There’s a fountain at our mall. During the day, the fountain runs, keeping the reflecting pool around it stirred up. There are always people sitting on the benches around the pool, waiting for something. Or someone. Kids toss coins into the pool, which are gathered and given to Habitat for Humanity and the Rescue Mission. You could say it is a healing kind of fountain.
Early in the morning, the fountain is quiet. The benches are mostly empty, except for a couple guys who wait for walking buddies. And, this morning, Saint John of the Mall. The fountain is three-fourths of the way around our path. And I’d been wondering if John was at the mall this morning. We didn’t see him until we stopped at the blood pressure machines which face the water. As I sat there, I noticed John, talking with one of the men. The man’s cane was resting on the bench next to him.
Our blood pressure was fine. We walked toward John and the man. I heard John say, “Do you want to get well?”
The man talked about how long his knee had been hurting. He talked about how hard it was to get a doctor to listen. He talked about how much work it was to get help. He talked about a friend who dragged him along to the mall, just to get out of the house.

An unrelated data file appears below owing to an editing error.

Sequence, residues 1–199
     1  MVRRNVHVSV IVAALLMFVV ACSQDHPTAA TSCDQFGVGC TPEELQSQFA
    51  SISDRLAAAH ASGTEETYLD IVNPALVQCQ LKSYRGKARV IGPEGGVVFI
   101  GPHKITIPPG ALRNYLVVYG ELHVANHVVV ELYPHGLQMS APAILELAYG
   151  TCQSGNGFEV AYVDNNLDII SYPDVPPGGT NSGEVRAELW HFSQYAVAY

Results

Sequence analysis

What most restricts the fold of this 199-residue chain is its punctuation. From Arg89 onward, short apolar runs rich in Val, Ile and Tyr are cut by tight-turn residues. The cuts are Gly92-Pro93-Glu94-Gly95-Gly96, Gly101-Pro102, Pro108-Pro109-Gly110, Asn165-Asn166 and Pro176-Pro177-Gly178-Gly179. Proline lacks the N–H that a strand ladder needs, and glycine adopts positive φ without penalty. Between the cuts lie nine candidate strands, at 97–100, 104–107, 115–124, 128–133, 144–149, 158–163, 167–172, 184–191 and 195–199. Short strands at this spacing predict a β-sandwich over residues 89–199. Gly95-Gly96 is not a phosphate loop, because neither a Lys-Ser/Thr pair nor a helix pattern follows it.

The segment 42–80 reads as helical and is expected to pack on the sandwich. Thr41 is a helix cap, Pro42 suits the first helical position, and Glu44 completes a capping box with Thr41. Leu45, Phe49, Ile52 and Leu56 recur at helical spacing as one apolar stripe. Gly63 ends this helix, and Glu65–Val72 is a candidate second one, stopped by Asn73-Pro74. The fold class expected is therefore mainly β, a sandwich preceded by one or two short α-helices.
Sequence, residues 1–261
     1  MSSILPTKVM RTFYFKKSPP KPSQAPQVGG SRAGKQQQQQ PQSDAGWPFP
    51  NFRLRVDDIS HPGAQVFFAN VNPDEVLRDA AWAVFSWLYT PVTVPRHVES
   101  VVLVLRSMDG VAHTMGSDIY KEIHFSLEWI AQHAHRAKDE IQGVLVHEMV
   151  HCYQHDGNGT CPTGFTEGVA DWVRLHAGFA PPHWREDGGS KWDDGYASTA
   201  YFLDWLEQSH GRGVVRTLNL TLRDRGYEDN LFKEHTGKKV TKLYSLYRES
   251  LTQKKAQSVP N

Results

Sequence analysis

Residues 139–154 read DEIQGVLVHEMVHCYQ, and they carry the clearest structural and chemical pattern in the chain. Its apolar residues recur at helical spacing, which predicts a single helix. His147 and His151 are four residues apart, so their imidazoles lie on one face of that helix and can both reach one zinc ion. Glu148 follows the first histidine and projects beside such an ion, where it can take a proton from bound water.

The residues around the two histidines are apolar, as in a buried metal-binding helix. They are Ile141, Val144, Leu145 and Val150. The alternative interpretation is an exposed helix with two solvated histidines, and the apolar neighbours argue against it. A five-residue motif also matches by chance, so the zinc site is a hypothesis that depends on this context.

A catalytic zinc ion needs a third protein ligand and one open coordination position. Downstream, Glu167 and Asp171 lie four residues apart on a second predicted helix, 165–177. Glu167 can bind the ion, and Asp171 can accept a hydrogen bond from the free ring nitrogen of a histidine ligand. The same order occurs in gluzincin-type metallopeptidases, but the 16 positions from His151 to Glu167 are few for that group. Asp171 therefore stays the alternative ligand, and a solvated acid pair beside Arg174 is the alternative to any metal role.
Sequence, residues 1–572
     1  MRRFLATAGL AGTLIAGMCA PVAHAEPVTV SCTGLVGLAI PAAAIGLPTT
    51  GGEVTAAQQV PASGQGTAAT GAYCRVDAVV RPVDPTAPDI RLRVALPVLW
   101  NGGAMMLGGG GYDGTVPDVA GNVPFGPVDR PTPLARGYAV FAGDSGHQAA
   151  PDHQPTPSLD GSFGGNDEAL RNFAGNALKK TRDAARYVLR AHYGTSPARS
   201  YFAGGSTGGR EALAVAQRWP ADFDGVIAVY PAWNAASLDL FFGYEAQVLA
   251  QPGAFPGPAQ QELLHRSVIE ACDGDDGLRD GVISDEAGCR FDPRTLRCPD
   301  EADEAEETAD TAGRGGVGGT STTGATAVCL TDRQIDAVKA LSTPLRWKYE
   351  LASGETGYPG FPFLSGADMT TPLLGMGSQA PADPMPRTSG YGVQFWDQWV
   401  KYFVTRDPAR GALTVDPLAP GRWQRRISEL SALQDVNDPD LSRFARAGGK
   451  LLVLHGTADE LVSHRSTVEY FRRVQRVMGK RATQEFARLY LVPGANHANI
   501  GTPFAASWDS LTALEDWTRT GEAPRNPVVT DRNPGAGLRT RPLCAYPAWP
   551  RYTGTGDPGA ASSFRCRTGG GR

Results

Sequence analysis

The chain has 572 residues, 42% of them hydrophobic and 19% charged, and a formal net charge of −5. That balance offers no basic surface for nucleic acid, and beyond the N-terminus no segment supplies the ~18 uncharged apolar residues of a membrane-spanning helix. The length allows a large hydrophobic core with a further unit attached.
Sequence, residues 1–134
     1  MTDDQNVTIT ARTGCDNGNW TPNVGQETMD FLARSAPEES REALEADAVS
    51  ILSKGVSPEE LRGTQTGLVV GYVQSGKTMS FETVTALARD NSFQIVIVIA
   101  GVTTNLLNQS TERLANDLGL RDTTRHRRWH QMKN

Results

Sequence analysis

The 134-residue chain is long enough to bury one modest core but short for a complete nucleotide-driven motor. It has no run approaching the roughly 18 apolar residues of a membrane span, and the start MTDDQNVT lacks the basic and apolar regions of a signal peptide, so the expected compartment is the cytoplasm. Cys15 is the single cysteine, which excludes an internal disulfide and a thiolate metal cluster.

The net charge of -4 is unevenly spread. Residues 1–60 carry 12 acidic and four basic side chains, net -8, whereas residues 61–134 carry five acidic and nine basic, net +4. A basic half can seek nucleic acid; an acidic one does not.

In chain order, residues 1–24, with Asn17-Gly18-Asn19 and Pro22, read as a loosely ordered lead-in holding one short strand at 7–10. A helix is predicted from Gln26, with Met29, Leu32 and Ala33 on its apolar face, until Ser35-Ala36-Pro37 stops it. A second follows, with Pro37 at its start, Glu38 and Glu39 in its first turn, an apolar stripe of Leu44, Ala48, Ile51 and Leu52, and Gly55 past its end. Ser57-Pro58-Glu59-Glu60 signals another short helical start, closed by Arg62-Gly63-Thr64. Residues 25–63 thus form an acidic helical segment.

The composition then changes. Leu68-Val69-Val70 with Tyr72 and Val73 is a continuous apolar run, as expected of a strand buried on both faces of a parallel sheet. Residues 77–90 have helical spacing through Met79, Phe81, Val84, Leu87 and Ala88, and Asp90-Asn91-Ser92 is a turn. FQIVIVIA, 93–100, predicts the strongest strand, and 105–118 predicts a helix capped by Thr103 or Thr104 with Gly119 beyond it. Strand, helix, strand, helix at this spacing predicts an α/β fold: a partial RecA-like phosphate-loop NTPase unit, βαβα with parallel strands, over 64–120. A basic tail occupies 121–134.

John asked him again: “Do you want to get well?”
I thought the man was tired of being picked on, so I walked up to them and greeted John. He introduced us to the man, Jakov. John said, “I’ll be back after a bit. Think about my question.” And then he started walking with us.
“We overheard your conversation,” I said. “Do you ever get frustrated when people make excuses rather than answering you? I mean, what would happen if he demonstrated a little faith? Wouldn’t you want to heal him then?”
I was thinking about the time that Jesus healed a man by a pool. And the time that Peter and John healed a man after Jesus had ascended.
John scowled at me, just for a moment. “You don’t know the text very well. Both of those times, people were healed without any great belief at all. The only thing they did was to look up at the person talking with them. Healing’s not a reward for faith.”
We walked for a bit.
John started to smile, slowly. “In fact, I’ll say to you what Jesus told that man he healed. ‘Stop sinning.’ It’s what he usually said after he healed people. As if the physical healing was what the people cared most about, and the relationship with God was what Jesus cared most about.”
From a story in John 5.